Applications are now being accepted for the USLAW NETWORK Law School Diversity Scholarship. The program is part… Continue Reading
Six years of litigation results in dismissal with prejudice for Murchison & Cumming’s client
POSTED JUNE 28, 2022
After six years of litigation and a week in trial, a dismissal with prejudice was entered for defendant Louisville Ladder Company due to impeachment evidence against plaintiff Richard Skinner. Friedrich W. Seitz and Kelsey L. Maxwell represented the defendant.
The case began on May 6, 2016, when the plaintiff sued Louisville Ladder Company because of a fall from a ladder on May 18, 2014, which shattered his left calcaneus. On the eve of trial, the court granted the defendant’s motion to dismiss based on the plaintiff’s lack of standing; he had filed for bankruptcy without revealing this lawsuit, which had become an asset of the bankrupt estate. The bankruptcy trustee filed a case in 2018. The case was set go to trial on March 20, 2020, and was re-set for April 28, 2022.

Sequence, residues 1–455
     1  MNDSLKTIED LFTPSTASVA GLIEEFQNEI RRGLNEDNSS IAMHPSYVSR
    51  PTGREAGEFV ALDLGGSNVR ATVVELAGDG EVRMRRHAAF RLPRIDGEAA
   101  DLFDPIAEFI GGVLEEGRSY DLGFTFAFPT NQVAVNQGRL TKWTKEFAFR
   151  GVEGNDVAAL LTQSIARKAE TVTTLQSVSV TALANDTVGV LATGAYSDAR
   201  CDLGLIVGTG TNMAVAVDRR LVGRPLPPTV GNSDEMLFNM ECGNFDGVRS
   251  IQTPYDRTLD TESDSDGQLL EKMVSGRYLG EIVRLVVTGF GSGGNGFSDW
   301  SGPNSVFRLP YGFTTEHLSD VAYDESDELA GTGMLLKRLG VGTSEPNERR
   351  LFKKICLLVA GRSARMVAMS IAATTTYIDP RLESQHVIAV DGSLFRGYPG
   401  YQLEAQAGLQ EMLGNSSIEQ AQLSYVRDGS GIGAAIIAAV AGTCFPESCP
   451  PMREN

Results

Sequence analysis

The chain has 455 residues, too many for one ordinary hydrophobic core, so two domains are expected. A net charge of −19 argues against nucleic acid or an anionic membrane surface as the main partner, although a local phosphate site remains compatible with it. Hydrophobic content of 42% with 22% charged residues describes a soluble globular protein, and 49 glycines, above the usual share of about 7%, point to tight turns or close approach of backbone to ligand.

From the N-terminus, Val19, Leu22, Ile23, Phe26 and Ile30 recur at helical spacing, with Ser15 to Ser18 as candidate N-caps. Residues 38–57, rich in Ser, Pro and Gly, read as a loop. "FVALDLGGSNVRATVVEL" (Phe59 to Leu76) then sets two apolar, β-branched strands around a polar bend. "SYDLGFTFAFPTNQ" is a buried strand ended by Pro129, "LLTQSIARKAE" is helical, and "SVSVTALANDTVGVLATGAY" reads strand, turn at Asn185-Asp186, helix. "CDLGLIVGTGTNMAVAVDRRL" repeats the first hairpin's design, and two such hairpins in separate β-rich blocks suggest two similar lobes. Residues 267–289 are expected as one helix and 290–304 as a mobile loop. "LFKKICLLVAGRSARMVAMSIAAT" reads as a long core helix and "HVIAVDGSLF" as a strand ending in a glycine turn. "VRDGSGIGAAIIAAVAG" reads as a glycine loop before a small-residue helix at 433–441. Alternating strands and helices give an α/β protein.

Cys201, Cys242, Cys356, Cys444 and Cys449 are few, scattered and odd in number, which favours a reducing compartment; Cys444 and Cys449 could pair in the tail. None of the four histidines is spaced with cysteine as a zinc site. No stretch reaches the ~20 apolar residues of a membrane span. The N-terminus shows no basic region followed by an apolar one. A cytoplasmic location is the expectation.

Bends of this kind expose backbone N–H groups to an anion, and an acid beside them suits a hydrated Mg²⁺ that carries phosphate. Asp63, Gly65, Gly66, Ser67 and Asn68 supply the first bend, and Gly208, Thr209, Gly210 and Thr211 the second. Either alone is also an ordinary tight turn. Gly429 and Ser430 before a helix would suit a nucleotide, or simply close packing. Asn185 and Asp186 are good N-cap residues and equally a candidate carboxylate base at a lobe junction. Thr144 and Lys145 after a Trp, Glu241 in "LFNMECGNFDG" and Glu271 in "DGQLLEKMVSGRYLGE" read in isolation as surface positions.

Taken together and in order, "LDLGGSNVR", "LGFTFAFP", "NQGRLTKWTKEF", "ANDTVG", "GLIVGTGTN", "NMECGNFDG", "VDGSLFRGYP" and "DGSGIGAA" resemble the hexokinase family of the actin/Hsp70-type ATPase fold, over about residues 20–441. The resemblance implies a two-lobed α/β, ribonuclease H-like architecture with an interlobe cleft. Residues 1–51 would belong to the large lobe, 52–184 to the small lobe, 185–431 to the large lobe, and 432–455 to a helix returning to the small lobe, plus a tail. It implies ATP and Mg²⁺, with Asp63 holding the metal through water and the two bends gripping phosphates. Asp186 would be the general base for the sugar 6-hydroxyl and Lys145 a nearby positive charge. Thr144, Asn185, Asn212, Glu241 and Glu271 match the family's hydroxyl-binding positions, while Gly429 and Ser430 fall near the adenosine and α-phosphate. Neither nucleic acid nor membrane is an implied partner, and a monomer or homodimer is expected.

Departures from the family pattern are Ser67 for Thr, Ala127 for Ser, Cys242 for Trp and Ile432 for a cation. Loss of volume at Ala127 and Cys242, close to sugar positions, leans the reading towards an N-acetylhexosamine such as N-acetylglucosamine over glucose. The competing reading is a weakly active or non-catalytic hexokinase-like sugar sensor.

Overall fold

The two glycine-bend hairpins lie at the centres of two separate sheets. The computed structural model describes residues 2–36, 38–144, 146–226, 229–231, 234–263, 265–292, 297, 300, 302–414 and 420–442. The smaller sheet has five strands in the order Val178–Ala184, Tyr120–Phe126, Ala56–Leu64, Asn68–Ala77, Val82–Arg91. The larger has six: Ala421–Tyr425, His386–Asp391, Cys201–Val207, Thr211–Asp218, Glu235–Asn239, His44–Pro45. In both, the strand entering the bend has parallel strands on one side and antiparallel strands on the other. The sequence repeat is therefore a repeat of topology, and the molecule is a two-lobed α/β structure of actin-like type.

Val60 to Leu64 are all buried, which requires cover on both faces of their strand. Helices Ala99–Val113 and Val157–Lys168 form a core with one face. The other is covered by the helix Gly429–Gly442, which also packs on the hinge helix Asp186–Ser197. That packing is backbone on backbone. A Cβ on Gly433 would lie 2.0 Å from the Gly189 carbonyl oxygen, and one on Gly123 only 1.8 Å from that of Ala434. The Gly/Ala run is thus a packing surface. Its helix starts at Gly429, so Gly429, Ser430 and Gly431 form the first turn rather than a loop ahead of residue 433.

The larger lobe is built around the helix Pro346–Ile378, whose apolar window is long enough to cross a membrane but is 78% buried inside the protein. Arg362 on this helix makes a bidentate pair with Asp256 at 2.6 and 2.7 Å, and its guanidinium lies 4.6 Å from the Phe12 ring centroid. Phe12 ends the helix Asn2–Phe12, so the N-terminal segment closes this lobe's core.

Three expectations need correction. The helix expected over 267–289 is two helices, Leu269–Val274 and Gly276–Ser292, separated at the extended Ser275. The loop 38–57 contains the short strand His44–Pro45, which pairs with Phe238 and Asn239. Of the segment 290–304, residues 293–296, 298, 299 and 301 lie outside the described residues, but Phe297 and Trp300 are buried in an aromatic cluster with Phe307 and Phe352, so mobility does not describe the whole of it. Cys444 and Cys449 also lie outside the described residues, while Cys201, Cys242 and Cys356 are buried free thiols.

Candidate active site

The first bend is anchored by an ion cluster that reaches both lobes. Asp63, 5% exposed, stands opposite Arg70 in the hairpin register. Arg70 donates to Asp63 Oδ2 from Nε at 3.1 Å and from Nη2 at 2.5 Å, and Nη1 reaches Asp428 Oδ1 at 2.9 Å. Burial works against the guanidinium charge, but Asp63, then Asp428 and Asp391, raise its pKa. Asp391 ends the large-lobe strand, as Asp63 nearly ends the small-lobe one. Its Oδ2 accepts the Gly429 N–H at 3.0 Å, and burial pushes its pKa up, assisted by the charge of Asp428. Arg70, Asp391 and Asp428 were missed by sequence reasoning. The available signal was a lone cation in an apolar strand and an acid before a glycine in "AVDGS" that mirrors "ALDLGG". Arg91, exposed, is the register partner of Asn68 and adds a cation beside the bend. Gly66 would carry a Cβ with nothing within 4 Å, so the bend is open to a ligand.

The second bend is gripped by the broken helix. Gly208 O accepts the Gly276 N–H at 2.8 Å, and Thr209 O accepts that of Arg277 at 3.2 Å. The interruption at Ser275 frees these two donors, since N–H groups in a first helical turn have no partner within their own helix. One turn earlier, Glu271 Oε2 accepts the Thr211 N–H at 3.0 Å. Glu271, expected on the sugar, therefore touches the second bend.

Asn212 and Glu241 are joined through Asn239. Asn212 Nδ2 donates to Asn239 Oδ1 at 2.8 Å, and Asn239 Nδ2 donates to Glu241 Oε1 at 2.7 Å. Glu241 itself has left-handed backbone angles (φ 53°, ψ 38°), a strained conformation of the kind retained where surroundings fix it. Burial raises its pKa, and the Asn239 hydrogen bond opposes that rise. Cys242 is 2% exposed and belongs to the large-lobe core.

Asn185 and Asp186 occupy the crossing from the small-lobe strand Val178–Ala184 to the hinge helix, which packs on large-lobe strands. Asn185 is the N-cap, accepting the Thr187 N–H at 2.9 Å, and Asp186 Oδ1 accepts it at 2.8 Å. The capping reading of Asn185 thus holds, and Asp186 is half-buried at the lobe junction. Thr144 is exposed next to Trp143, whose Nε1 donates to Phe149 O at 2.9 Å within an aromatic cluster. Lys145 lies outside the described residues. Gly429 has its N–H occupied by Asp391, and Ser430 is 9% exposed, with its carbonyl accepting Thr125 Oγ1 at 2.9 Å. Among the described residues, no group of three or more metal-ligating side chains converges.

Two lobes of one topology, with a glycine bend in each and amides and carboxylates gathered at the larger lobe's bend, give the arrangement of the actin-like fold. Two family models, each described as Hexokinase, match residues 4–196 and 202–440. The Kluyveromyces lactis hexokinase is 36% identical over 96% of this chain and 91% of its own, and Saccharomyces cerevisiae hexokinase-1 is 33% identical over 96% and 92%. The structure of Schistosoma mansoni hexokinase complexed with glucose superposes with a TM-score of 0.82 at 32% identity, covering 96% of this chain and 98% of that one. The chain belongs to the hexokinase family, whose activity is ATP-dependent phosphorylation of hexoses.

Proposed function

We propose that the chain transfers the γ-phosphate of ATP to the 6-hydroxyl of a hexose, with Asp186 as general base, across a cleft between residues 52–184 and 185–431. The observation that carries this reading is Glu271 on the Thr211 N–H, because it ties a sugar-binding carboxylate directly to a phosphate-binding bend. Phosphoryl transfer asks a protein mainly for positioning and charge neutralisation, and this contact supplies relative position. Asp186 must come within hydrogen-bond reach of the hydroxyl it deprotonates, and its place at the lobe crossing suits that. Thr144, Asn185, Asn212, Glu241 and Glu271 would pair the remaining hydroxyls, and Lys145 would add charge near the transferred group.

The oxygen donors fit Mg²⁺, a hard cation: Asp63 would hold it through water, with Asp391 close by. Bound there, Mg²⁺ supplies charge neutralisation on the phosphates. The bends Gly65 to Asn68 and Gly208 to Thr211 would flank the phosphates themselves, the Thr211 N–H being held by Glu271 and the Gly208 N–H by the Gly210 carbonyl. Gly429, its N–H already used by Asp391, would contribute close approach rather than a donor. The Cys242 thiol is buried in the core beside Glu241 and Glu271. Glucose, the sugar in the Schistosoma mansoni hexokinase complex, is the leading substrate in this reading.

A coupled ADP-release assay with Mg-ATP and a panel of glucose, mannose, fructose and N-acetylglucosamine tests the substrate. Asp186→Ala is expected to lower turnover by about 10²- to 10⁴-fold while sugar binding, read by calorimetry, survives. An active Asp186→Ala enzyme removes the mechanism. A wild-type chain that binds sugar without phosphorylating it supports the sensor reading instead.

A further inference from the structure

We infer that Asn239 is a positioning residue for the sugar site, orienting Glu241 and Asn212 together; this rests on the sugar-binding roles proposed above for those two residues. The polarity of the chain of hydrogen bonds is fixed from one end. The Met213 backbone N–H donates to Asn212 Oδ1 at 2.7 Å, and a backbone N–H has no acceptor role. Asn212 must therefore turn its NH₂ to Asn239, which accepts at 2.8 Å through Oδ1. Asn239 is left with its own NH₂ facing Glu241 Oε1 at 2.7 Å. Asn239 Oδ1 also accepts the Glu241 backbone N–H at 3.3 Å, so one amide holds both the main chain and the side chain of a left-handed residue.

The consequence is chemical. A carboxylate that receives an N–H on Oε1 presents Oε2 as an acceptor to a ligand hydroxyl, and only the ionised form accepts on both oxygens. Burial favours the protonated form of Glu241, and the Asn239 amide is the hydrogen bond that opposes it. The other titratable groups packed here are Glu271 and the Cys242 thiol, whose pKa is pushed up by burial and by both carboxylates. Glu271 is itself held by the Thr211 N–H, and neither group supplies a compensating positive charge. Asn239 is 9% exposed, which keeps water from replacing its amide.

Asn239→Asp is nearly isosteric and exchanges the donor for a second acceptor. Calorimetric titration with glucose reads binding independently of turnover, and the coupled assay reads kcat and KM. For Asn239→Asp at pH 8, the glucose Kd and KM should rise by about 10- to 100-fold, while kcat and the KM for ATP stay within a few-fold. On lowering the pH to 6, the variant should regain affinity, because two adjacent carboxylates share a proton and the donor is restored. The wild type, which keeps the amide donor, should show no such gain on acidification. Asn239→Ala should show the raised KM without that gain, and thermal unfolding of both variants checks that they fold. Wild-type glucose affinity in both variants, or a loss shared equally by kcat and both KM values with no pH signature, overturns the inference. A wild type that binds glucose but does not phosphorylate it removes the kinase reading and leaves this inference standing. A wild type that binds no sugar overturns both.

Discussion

The plaintiff testified that since the accident he is in excruciating pain, cannot walk more than 10-14 steps, has extreme pain walking uphill, downhill, cannot walk from the parking lot to the store, which is the reason he has a disabled parking placard. He testified his pain and limitations have been consistent and have kept him from working. He denied participating in post-accident activities, specifically any hiking. Louisville’s investigator discovered a photograph of the plaintiff on top of the 8,000-foot Half Dome in Yosemite, five years after the accident, and a permit issued to him to access Half Dome. He was confronted with a photograph of the permit and additional photographs were shown of different stations up the mountain, including the last pitch, a 45-degree bare granite surface requiring the use of cables. After Skinner admitted the hike to the top and back took 18 hours, the court stopped the trial, excused the jury, and advised the plaintiff of his 5th Amendment rights. Before the jury returned, the plaintiff agreed to a dismissal with prejudice for a waiver of costs.